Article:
Manly to urge NRL to review stand-down policy as Fainu awaits day in court

Manly will approach the NRL to discuss how the no-fault stand down rule is applied to Manase Fainu if further delays in the legal process result in the hooker’s suspension dragging into a second season.

Fainu has vowed to fight to clear his name and will get the opportunity to formally enter a not guilty plea at a district court arraignment scheduled in Parramatta on Friday. Fainu was suspended indefinitely after he was hit with multiple charges relating to the stabbing of a man at a Mormon church dance in October.

Currently under house arrest after being granted bail, Fainu’s season was already a write-off due to complications relating to shoulder surgery. However, there is every chance he will be sidelined for a portion, or even all of, next season as court cases back up due to the coronavirus outbreak.

The Sea Eagles supported the introduction of the stand-down rule, brought in to protect the image of the game and prevent a sponsor exodus, even when it affected another of their players, Dylan Walker. That continues to be the case, although Manly chief executive Stephen Humphreys said a review may be appropriate given the unexpected delays in cases being heard.

“We as a club support the no-fault stand down rule,” Humphreys told.”We understand why it was brought in and we support it. But I don’t believe anyone contemplated the possibility of there being one- and two-year delays in cases being heard and that players maintaining their innocence being unable to play for that excessive amount of time.

“Given the circumstances we all find ourselves in, we think it is worthy of a review.”

Fainu has pleaded not guilty to wounding a person with intent to cause grievous bodily harm, affray and recklessly causing grievous bodily harm in company over the incident at Wattle Grove.

Humphreys said he would wait until after Fainu’s arraignment, which could give an indication of how long the court process will take, before approaching the NRL.

“I think it is worthy of consideration at least,” Humphreys said. “It’s about trying to find that balance of treating the player fairly and reasonably whilst maintaining the intention of the stand-down rule.”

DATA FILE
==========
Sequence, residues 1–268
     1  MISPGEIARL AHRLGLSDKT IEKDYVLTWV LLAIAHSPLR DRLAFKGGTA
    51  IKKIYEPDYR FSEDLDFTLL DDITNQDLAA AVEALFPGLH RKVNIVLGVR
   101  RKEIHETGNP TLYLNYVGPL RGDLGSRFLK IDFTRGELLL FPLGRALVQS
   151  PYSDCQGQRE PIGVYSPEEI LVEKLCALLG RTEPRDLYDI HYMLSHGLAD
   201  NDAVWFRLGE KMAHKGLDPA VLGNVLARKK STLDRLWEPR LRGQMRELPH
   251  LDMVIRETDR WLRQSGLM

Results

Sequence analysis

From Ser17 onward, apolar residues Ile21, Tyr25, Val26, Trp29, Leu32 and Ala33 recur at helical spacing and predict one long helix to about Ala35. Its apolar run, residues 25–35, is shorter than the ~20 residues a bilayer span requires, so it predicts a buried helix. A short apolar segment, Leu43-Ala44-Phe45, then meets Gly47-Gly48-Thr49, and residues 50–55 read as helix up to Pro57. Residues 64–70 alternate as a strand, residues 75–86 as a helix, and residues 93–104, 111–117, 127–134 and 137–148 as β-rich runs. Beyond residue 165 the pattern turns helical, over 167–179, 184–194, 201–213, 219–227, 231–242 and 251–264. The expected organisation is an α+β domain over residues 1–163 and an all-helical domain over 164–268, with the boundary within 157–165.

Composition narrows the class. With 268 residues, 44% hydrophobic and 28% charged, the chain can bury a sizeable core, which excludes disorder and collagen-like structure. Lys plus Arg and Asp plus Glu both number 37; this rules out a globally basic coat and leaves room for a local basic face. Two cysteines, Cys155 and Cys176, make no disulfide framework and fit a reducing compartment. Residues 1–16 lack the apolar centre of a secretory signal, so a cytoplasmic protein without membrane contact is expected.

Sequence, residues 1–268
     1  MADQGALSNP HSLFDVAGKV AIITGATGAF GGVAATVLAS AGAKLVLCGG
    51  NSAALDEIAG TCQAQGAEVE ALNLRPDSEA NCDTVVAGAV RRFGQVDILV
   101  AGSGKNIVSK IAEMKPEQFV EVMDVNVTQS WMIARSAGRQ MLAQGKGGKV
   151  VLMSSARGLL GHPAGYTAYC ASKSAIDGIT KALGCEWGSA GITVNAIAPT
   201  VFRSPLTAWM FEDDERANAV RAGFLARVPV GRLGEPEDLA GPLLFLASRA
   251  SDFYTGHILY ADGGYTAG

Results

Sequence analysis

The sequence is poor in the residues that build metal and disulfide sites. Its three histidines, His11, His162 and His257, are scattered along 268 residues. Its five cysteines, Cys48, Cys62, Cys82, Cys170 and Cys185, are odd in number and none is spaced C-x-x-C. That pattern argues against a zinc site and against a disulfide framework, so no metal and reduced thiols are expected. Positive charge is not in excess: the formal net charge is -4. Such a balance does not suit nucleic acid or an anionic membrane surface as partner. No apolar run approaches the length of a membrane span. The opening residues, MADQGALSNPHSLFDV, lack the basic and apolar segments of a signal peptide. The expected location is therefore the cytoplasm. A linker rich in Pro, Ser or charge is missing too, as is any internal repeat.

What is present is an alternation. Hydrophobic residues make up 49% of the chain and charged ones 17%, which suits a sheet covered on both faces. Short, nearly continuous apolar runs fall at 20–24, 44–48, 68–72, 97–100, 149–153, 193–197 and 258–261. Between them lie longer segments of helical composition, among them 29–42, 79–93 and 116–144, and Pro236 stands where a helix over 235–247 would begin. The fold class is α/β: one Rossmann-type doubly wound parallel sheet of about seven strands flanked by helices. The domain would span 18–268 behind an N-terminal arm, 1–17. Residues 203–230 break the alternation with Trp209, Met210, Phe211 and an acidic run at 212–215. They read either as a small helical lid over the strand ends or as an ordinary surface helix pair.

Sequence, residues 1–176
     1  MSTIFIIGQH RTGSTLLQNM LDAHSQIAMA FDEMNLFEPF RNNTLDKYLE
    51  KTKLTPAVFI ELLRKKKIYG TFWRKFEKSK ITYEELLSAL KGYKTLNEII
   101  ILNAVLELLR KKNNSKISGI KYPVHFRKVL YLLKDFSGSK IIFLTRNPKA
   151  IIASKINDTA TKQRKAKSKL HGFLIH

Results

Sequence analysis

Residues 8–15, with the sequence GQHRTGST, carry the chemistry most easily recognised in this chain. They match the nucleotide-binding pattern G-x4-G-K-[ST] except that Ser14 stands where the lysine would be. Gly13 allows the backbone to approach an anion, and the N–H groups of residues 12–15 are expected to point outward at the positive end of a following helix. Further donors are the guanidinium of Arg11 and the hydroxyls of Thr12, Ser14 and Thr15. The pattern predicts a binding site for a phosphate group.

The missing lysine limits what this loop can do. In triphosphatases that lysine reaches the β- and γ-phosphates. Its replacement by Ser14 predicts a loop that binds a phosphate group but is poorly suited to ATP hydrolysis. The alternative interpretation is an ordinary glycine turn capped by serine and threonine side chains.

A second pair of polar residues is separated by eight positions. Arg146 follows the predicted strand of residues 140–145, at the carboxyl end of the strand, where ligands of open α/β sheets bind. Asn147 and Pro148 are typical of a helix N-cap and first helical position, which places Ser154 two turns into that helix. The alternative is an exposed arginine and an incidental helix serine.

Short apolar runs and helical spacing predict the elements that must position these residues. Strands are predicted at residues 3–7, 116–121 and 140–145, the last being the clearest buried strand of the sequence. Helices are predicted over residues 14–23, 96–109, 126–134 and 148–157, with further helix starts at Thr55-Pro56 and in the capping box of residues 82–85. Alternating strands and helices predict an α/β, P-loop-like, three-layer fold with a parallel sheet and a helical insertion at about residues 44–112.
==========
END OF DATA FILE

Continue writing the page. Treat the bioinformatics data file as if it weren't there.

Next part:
Sea Eagles hooker Danny Levi has done a commendable job at dummy half this season, but in Fainu the club has a player considered a potential NSW representative who they cannot use.

Fainu is one of just two players suspended under the stand-down rule. The other, Jack de Belin, hasn’t played since he was charged with sexual assault in December of 2018. The Herald revealed earlier this month that St George Illawarra powerbrokers are also keen to broach the issue of de Belin’s suspension with head office. Like Fainu, the former NSW back-rower is pleading not guilty to the charges.

It’s possible the de Belin case could drag into a third season, but the long sabbatical hasn’t affected his market value. In the final year of a Dragons contract worth $595,000, the Warriors are prepared to top up that amount by $200,000 a year if he is acquitted.

While the NRL couldn’t foresee the court delays when it introduced its hardline stance on player behaviour, it may remain unmoved by any approaches by the Sea Eagles and Dragons. With corporate support even harder to come by due to fallout from COVID-19, it will take compelling cases to shift its current position.

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